Indeed, my friend Aleko Stephan got so accustomed to making bread this way while sailing his Nicholson 32 from Greece to the Pacific, via the Magellan Strait outbound, and Beagle Channel and Falkland Islands returning, that he continued to make bread this way after returning home.
He typically adds herbs, olives and nuts to his loaves, turning them almost into a meal in their own right. Equally, bread can be made with honey instead of sugar.
What if you have no yeast? Don’t worry – although dried yeast is fantastic mankind was successfully baking bread for millennia before its advent.
Yeast is present in small quantities in air and is surprisingly simple to harvest. An easy method is to add warm water to a little dried fruit, which will promote growth of any yeast on the surface of the fruit. You can then simply use the yeasty water for making bread.
How to make yoghurt on a boat
It’s also easy to make yoghurt on board, although the culture doesn’t like movement, so it’s best done on a calm day in port. First heat a pan of milk up to almost boiling – this kills the bugs you don’t want – and allow to cool.
Then heat to around 38˚C, transfer to a pre-warmed container and add a couple of tablespoons of natural live yoghurt. This then needs to be kept warm for 8-12 hours – one of the easiest ways is to place it in warm water in an insulated cool box.
If you prefer Greek yoghurt, strain by placing it in a sieve lined with muslin (or a very clean tea towel) for a few hours. Yoghurt doesn’t need to be made with fresh milk – UHT is fine and when he was travelling Aleko used powdered milk.
Bottling is an age-old method of preserving food that can easily be carried out on board. Apart from some high-acid fruits a pressure cooker is needed to achieve a temperature of 121˚C that’s needed to kill the spores that cause botulism.
Even then, scrupulous cleanliness is essential, as is following instructions carefully, including exactly how much to fill each jar. As with many aspects of boat food preparation the first few times can seem convoluted and complex, but you quickly establish an easy routine.
This is a great option if you have a glut of freshly-caught fish, or pick up a basket full of cut-price food at a market. Equally, it means part of a big batch of home-made gigantes or fava can be saved and stored for later use, without needing refrigeration.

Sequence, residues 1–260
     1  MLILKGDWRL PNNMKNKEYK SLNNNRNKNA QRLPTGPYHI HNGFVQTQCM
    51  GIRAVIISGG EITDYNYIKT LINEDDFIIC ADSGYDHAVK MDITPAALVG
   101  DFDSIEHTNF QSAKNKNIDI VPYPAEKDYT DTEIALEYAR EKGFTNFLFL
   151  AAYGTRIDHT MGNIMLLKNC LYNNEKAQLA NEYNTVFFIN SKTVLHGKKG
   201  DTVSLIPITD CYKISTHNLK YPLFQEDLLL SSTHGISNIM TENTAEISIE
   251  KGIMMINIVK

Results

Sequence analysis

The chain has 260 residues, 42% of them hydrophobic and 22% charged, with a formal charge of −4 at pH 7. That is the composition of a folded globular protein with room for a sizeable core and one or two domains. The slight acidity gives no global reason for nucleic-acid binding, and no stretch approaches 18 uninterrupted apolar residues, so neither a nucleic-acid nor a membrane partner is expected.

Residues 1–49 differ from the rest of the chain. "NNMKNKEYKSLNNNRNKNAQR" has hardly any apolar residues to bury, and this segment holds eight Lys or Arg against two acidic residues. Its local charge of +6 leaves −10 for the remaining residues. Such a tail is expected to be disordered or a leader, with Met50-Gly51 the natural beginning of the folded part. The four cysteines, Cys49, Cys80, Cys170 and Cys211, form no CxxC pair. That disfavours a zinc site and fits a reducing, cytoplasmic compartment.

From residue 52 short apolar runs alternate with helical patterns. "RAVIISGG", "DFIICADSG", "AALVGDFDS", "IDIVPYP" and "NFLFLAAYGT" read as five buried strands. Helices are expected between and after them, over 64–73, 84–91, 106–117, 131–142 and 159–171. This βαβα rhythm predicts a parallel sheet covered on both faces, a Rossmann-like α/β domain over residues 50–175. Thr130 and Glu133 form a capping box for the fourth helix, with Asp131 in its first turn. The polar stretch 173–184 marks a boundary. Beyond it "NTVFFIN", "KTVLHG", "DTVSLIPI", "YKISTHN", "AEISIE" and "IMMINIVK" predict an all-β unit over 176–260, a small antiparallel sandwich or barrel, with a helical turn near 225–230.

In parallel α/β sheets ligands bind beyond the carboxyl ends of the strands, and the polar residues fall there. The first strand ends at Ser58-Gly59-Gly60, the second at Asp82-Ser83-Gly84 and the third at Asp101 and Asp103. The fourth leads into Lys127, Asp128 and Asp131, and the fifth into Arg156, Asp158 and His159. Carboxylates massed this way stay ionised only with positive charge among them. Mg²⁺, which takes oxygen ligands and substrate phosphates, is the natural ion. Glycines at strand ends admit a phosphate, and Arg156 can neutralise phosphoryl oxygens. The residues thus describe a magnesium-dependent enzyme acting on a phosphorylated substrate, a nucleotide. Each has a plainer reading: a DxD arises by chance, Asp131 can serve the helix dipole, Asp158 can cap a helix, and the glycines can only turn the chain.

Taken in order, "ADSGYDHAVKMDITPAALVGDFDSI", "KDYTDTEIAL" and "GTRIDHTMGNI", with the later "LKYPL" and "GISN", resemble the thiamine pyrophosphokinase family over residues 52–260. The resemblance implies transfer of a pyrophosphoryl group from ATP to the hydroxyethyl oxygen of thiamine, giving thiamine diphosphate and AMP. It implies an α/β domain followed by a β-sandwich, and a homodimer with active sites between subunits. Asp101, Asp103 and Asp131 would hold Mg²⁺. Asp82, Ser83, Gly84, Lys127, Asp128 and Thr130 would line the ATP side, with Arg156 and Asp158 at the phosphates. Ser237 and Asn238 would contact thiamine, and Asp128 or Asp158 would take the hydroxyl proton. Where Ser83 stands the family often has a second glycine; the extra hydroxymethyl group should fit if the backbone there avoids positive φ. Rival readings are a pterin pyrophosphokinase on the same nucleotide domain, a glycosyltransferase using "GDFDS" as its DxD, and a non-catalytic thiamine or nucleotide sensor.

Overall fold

Vacuum bagging is a more up to date option, although it requires more equipment and creates some plastic waste. These are not only options for long-distance cruisers. Eating great boat food is a highlight of many sailing holidays, but is often tempered by the effort required to prepare it.
However, bottling or vacuum bagging components of a meal in advance at home can dramatically reduce the effort required to prepare meals on board.
In some parts of the world in the right season it is also possible to dry boat food in the sun and wind. If you’re in harbour or at anchor for a week in the Mediterranean, for instance, that will be enough to dry some sliced fruits and vegetables.
The process can be greatly sped up using a solar cooker (choose a model that does not cook in a sealed container) when two or three sunny days may be all that is needed.
Store boat food for longer with a £50 DIY ice box
A thoroughly insulated space in the coolest part of the yacht can keep boat food chilled for an extended period without having to shell out for a boat cooler. Under bunk lockers are ideal as their base is against the sea and therefore naturally cooled.
Insulate the top and sides with expanded foam insulation such as Celotex – ideally a 4in thickness, although 2in will work. Add a hard acrylic outer face to make it easier to clean. If items are placed in there cold, along with a frozen 5lt water bottle, the box will stay cool for a week, even in high summer.
A better galley
Many of today’s new yachts have well laid out galleys, with optimised stowage and streamlined ergonomics, in the same way as you’d expect of a high-end kitchen at home.
However, a huge number of older boats have badly designed galleys where economy of construction was the prime factor in the design, rather than ease of use.
UK company GN Espace recognised this and offers a big range of storage and boat food preparation products designed to make the most of a compact galley.
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This feature appeared in the July 2022 edition of Practical Boat Owner. For more articles like this, including DIY, money-saving advice, great boat projects, expert tips and ways to improve your boat’s performance, take out a magazine subscription to Britain’s best-selling boating magazine.